SECRETARY BLINKEN: Well, it’s no secret that we have a real difference with Turkey on that, something that I expressed directly to my Turkish counterpart when I saw him, and other allies have done the same. It’s also true that Turkey is a longstanding and very valuable ally that works together with us on very important objectives, including counterterrorism, including dealing with Syria and in other areas. So I think we have an interest in continuing to work closely with Turkey without, at the same time, ignoring our differences. So we engage them directly. We have very frank and clear and open conversations, and I hope Turkey will take some action to deal with the problems that, for example, the S-400s pose for the Alliance.

QUESTION: You think they’re listening? I mean, there’s also the issue of the Eastern Mediterranean, the instability there.


QUESTION: I mean, that’s a huge concern. I don’t think you really want to have to figure that out yourself. You want the Europeans to deal with it. But what would be your message?

SECRETARY BLINKEN: Well, I think we’ve seen some de-escalation in the Eastern Mediterranean. I think NATO’s playing a very good role in trying to deconflict and make sure that the areas where there are disputes, no one is taking provocative actions, starting with Turkey, keeping their ships out of waters or areas that are claimed by others. And we need to simply see the peaceful resolution of these differences according to international law.

And by the way, to the extent that there is – that there are challenges over resources, over natural resources, this should actually be a way of bringing countries together. The joint use of these resources, the joint investments, exploitation of them, that can actually be something that brings countries together. Our hope is that that’s exactly what will happen.

QUESTION: And Secretary Blinken, on the Nord Stream 2, I have to ask you about that, because obviously you’ve ruffled a lot of feathers in Germany with your comments saying that it will undermine Ukraine and you want the Europeans to stop us. But the pipeline is virtually done, 95 percent. Will you be willing to reach a compromise? What’s your take on that?

SECRETARY BLINKEN: Well, look, what’s important first and foremost is that Germany is one of our closest allies and partners anywhere in the world, and we are working together every single day on so many issues that have a profound impact on the lives of our citizens and working as the closest of partners. And the fact that we have a disagreement over Nord Stream 2 – and it’s a real one – is not affecting and will not affect the overall partnership and relationship.

But we’ve been very clear, President Biden’s been very clear, that he thinks that Nord Stream 2 is a bad idea and a bad deal for Europe, for us, for the Alliance. It undermines basic EU principles in terms of energy security and energy independence. It, I think, poses a challenge to Ukraine, to Poland, to other countries that we care about. So I thought it was just very important for me to be able to say that directly and clearly to my friend Heiko Mass so that there’s no ambiguity. And the fact is we have laws in the United States that require us to sanction companies that are materially helping to build the pipeline, so I just wanted to make sure that our partners understood our position on this and what we would need to do going forward, and so that’s what we did.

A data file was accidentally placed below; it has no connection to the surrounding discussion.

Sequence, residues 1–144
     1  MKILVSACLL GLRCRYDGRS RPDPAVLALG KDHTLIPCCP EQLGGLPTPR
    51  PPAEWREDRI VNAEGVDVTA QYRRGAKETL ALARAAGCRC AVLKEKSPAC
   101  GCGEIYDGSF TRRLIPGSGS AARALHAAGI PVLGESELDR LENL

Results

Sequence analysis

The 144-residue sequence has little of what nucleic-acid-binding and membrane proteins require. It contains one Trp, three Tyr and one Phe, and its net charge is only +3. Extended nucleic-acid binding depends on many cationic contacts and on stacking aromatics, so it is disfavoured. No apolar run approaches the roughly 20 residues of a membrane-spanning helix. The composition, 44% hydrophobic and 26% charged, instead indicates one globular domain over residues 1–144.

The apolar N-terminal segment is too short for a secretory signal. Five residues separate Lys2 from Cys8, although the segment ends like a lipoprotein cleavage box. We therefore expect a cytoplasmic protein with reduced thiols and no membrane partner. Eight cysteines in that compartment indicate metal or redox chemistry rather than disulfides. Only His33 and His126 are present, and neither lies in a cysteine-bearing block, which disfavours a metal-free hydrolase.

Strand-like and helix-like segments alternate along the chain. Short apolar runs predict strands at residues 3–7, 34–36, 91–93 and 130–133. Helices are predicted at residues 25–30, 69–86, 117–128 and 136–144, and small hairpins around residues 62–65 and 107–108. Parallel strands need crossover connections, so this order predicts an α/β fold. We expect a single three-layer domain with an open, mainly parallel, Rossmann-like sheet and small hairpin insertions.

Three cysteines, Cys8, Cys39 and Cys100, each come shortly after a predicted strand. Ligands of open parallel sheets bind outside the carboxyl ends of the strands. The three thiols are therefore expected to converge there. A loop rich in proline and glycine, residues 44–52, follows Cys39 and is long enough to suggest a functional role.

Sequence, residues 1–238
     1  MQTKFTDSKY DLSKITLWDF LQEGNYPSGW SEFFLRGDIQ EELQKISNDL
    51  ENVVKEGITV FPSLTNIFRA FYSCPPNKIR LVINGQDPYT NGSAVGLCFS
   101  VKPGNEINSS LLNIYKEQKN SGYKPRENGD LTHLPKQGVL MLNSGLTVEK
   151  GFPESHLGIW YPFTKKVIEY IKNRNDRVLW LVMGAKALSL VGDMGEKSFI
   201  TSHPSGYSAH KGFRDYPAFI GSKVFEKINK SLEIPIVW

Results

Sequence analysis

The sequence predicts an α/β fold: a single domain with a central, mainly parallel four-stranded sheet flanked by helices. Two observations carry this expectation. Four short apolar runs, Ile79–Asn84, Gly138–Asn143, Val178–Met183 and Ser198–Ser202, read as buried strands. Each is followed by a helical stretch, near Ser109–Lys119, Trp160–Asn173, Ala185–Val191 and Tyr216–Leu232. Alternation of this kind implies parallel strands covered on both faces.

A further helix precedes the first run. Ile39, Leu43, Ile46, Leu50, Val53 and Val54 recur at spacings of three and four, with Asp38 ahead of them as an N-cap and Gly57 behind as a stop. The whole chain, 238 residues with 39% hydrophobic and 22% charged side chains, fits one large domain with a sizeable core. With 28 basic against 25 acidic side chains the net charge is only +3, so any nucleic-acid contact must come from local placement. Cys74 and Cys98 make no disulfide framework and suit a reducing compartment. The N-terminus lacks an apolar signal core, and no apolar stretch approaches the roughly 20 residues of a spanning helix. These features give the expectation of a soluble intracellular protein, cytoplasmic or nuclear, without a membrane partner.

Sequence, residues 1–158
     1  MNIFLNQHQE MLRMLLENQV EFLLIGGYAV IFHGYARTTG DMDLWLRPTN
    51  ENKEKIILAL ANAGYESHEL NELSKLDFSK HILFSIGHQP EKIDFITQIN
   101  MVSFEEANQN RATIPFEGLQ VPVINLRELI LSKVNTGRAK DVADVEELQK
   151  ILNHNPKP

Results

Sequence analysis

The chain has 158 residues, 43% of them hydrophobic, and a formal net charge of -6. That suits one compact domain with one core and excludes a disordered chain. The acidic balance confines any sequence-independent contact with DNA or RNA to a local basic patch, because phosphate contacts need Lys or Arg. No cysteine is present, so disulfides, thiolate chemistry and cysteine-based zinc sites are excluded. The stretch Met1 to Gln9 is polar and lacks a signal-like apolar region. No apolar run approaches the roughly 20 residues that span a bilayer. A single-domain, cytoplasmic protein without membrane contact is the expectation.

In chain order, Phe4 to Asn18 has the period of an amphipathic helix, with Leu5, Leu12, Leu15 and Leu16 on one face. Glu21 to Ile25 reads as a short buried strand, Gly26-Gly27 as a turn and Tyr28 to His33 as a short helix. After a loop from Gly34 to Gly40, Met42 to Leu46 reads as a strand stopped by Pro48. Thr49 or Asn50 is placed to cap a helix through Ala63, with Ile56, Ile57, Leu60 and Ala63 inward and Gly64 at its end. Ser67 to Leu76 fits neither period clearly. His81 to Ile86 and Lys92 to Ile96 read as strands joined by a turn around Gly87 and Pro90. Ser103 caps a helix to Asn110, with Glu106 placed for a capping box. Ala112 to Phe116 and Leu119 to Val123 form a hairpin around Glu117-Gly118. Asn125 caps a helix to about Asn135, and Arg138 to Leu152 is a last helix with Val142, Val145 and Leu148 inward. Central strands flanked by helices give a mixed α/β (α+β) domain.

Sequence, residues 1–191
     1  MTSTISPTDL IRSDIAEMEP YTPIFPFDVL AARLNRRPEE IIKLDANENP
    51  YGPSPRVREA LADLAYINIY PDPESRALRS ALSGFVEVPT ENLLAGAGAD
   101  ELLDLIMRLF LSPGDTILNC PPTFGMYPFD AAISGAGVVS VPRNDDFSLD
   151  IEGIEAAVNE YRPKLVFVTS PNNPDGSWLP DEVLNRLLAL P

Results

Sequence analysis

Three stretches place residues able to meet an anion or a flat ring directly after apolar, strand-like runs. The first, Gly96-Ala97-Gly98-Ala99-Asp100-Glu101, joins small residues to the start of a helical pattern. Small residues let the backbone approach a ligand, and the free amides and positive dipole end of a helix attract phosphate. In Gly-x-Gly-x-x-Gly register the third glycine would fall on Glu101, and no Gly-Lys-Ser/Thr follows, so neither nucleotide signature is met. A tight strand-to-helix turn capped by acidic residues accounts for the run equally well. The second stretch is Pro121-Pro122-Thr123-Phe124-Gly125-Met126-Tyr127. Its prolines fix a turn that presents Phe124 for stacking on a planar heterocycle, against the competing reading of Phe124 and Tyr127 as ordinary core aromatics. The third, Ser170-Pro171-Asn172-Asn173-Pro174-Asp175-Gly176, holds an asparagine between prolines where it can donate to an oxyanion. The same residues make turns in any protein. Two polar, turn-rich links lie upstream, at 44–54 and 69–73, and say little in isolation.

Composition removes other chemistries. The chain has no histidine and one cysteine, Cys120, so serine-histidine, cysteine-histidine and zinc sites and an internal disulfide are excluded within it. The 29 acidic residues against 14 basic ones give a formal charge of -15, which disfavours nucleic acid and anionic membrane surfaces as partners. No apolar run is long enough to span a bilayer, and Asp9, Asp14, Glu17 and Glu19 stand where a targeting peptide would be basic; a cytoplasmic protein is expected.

QUESTION: Yeah, uncomfortable conversations just, of course, as the relationship is kicking off into its next chapter. And speaking of which, EU leaders, of course, were meeting this week in Brussels, and they invited special guest President Joe Biden to join them via video link.

SECRETARY BLINKEN: That’s right. That’s right.

QUESTION: Europe’s in serious crisis mode right now. It’s dealing with a lack of supply of vaccines, it’s dealing with almost a year now of lockdowns which has devastated the economy —


QUESTION: — in all the 27 EU member-states. So we’ll have Joe Biden Zooming into that meeting offering any sort of a hope that he might turn around perhaps some of the protectionist measures that were brought in by the previous administration of Trump?

SECRETARY BLINKEN: Look, this has been obviously a huge historic challenge for all of us. In the United States, we’ve lost more than 500,000 people to this pandemic. I know the devastation and difficulty that it’s brought to Europe and the profound effect that it’s having on people’s lives. Look, we’re committed to being a very strong international partner and international leader in dealing with this.

We, of course, re-engaged the World Health Organization immediately. We’ve contributed significantly $2 billion to COVAX, with another $2 billion over the next two years to increase access to vaccines. Just about 10 days ago, in partnership with the so-called Quad countries – with Australia, Japan, and India – we have an initiative that’s going to dramatically increase over time access to vaccines. We’ve made some vaccines available to our close neighbors Mexico and Canada. And I anticipate that in the weeks ahead, you’ll see more of that.

QUESTION: Okay. And hopefully, we will be seeing more of you as well. You’ll be coming back to Brussels to visit us —


QUESTION: — on many occasions, and we look forward to speaking to you again here on Euronews. But for now, thank you so much and take care.

SECRETARY BLINKEN: Thanks. Great to be with you. Thank you.

U.S. Department of State